I read somewhere recently that our world is now all about marketing. So this seemed an interesting read, discussing why certain things go viral, while others don’t.
Berger breaks it down into six steps, with one or more required to turn something into a viral hit:
- Social Currency (make people want to share to make themselves look good, or to look/feel like an insider)
- Triggers (prompt or remind people by tying your product to familiar/common things)
- Emotion (something that provokes a strong emotion is more likely to be shared)
- Public (make potential customers aware of who is already using your product)
- Practical Value (something useful is commonly shared)
- Stories (human experience makes people want to share it, but make sure you can’t be left out)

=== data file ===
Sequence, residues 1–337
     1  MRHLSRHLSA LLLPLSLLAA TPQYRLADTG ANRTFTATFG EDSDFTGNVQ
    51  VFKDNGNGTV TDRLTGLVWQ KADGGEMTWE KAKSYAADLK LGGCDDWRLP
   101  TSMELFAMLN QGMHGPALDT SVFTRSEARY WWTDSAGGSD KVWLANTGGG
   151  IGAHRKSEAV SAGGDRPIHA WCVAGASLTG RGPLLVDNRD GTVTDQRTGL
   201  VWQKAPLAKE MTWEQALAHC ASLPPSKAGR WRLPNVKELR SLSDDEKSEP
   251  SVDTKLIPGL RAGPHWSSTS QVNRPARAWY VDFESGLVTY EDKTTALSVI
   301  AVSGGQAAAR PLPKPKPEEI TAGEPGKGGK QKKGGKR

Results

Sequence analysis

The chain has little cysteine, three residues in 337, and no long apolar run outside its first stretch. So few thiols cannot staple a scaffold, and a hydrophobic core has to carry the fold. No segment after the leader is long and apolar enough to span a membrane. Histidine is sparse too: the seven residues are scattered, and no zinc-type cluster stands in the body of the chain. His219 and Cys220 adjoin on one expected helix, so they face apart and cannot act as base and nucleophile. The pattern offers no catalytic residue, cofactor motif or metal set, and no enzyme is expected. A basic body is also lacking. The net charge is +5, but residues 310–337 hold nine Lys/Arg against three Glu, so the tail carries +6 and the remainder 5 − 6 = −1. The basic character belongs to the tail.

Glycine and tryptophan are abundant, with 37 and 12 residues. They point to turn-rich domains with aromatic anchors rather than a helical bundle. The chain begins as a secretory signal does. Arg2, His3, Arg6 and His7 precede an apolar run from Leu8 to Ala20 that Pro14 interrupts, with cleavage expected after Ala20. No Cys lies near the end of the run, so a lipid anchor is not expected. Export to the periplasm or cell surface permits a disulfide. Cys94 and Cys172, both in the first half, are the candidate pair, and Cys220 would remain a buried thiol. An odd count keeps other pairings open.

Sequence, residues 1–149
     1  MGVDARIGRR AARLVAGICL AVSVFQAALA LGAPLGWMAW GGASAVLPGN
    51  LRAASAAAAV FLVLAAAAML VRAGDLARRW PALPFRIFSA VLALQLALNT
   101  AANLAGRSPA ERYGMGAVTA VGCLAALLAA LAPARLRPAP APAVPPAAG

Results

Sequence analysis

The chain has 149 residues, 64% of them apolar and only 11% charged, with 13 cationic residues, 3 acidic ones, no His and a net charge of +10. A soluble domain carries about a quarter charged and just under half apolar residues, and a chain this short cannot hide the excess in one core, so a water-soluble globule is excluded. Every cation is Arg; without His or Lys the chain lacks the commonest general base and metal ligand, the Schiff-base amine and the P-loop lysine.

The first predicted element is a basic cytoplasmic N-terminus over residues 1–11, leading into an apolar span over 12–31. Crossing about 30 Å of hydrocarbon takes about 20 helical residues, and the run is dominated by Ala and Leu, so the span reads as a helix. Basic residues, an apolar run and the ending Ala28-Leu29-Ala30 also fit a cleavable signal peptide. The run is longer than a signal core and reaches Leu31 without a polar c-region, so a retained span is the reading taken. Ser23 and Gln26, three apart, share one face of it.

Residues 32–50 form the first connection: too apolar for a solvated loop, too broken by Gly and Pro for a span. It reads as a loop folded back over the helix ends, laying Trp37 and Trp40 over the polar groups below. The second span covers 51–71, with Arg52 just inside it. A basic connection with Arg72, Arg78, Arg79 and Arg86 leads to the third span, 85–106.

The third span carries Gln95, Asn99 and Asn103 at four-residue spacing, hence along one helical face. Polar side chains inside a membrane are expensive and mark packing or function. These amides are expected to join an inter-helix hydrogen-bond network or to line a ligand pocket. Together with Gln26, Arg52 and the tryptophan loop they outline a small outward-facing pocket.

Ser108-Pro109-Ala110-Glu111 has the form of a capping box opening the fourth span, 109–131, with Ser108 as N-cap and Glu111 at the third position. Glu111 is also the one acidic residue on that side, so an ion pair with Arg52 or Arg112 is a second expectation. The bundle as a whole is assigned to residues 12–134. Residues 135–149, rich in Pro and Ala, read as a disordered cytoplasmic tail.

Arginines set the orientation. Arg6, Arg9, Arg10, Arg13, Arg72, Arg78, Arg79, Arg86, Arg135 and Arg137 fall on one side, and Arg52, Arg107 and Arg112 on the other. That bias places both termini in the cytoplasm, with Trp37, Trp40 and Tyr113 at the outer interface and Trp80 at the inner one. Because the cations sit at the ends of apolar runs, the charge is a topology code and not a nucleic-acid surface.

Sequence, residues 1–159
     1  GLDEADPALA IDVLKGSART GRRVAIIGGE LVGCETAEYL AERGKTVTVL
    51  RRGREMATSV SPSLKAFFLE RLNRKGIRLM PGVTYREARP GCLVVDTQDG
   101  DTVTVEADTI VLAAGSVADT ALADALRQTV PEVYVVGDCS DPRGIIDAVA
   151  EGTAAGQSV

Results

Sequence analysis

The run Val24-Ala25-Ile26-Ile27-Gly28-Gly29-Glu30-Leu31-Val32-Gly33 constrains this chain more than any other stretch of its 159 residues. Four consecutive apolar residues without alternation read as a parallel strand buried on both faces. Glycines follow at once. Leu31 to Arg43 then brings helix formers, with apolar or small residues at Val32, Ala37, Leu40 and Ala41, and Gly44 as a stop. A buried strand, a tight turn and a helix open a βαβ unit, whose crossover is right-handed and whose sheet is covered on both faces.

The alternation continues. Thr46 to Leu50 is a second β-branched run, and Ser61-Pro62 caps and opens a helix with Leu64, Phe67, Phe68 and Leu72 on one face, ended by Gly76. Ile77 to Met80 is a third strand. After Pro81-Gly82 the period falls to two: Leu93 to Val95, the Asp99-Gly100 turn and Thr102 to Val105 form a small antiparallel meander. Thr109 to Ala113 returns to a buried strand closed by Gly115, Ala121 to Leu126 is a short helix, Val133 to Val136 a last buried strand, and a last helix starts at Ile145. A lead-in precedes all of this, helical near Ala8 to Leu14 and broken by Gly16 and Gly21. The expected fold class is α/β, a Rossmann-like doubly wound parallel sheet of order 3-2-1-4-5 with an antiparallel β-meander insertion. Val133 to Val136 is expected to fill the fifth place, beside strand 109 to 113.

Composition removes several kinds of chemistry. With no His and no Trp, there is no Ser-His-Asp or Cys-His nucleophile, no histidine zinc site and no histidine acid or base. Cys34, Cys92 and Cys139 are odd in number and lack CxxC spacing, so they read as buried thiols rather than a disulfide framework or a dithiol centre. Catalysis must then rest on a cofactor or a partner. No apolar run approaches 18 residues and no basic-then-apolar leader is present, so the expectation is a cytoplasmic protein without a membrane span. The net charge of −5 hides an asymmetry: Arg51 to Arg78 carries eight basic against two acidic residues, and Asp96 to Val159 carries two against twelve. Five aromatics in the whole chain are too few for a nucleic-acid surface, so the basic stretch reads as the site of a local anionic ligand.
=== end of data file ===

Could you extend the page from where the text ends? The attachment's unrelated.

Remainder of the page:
He quotes plenty of examples, many you’ll have heard of as they circled the internet at their peak. It’s a thought -provoking book, a critical look at why people share (backed up with Berger’s own research).
Having said that, I still felt it lacked something. These ingredients, while a great list, don’t think guarantee success in my opinion. There are plenty of examples in the book supporting the author’s claims, but far fewer examples of campaigns that didn’t take off. Ironically, at least one of the examples used early doesn’t fit the topics discussed later.
It will make you look at marketing differently though, plus it’s a nice short read (or listen). If you’re a fan of books like Freakonomics or those by Malcolm Gladwell, I think you’d enjoy this. It doesn’t go particularly deep, it’s more of a skim through the ideas.
Keith Nobbs does such a good job reading it I assumed he was the author, so top marks for delivery.
All-in-all, I’d say this was worth your time. Even if you’re not that bothered about marketing, it’s an interesting look at why some of those YouTube videos you’ve seen took off. As with every book of this type (those offering to tell you the recipe of success), don’t think it guarantees anything though.